The clearest-ever explanation of Bitcoin, blockchain and encryption
Bitcoin has risen from its introduction in an obscure paper in 2008 by the elusive Satoshi Nakamoto (no-one is quite sure whether it’s a person or a group) to being the subject of high-level discussion at Davos in 2016. Cryptocurrencies in general and Bitcoin in particular have become one of the hot topics in tech and finance, with a lot of interest in disruptive applications of blockchain technology from startups and, increasingly, regular financial institutions.
If you're looking for an accessible way into this subject I really recommend John Lanchester's recent essay about Bitcoin in the London Review of Books. He's a writer originally known for comic novels, but since his novel Capital, which was set in London just before and during the last financial crisis, he's focused on non-fiction explaining the world of finance.
The essay takes a step back and looks at the history of money and banking, before sketching out the encryption and "mining" technology behind Bitcoin and the blockchain. It covers some of the early experiments in using Bitcoin such as the online drug market Silk Road, and how some online exchanges mysteriously lost thousands of Bitcoin without trace. There has been a string of headlines recently declaring the death of Bitcoin, but John Lanchester's essay helps make clear the difference between Bitcoin the currency and the blockchain, "the biggest potential change to the money system since [the Renaissance]".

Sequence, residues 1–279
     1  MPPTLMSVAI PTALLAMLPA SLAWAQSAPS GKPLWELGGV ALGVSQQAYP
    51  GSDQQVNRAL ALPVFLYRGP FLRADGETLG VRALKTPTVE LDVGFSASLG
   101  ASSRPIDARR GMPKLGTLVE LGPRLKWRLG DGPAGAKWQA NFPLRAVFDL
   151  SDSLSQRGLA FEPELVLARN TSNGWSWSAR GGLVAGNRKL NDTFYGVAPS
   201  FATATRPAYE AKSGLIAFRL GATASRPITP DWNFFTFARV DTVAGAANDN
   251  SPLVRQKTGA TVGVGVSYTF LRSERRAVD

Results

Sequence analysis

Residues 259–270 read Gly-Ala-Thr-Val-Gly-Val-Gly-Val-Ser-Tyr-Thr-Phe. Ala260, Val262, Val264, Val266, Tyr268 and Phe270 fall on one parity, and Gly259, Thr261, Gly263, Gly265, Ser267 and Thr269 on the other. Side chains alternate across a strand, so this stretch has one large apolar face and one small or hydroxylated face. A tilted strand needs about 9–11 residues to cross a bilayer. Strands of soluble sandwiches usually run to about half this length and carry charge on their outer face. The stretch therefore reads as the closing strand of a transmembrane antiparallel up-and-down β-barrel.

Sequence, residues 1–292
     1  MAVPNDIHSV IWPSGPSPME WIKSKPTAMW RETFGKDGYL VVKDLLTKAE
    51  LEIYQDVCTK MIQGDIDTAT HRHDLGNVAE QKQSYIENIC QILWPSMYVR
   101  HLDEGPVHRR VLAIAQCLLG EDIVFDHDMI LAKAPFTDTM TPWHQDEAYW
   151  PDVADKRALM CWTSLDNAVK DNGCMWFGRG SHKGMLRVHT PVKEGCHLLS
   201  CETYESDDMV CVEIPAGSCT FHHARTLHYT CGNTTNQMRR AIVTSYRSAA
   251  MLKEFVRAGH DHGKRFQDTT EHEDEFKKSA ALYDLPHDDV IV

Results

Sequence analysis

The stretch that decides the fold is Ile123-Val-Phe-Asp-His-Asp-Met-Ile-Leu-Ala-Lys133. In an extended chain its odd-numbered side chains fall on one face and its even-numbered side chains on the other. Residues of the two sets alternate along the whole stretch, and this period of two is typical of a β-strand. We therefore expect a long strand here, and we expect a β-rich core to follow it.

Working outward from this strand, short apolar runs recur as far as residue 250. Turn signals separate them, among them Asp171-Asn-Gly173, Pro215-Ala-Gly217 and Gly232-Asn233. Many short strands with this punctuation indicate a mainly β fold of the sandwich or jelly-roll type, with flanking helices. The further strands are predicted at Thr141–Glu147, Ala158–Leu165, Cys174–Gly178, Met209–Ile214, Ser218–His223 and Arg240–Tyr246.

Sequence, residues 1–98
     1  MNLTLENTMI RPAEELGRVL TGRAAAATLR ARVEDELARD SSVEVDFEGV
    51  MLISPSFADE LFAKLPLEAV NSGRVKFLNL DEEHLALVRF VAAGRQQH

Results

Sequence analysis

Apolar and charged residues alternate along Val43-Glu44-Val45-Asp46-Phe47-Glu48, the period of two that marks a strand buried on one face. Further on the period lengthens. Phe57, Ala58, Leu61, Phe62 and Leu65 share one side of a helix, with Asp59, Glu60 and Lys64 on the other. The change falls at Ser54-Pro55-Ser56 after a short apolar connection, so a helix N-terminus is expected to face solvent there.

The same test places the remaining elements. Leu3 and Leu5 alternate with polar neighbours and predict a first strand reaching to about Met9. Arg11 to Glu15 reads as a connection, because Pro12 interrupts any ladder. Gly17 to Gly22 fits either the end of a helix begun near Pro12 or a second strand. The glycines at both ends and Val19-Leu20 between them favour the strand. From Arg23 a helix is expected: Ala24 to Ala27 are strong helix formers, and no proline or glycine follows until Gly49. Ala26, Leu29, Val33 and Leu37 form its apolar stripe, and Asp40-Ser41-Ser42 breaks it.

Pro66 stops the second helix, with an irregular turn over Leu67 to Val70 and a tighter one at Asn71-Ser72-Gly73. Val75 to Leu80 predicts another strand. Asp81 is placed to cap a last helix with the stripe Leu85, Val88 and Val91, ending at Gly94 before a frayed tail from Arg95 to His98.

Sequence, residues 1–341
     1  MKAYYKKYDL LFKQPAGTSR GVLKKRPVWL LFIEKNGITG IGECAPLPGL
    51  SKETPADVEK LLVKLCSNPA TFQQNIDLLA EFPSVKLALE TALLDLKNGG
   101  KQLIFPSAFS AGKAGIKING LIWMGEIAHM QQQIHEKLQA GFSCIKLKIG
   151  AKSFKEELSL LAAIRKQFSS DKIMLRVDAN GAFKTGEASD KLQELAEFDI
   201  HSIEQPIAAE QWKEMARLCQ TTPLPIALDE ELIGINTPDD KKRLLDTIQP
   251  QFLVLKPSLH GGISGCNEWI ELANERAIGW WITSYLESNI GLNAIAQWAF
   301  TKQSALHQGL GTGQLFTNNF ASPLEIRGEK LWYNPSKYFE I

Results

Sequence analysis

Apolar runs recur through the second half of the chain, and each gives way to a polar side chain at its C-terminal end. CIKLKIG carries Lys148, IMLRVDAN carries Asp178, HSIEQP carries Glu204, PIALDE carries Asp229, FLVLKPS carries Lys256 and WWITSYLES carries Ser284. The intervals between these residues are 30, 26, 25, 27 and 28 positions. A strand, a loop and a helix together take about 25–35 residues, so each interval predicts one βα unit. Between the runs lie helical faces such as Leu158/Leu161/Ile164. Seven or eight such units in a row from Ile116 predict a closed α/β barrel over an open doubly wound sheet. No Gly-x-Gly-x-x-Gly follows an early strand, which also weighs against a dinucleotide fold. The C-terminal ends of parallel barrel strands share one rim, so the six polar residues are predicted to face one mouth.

Another good read related to the disruptive power of internet technologies, but this time for national security, is Andrew O'Hagan's account of his attempts to work with Wikileaks founder Julian Assange to ghostwrite his autobiography.
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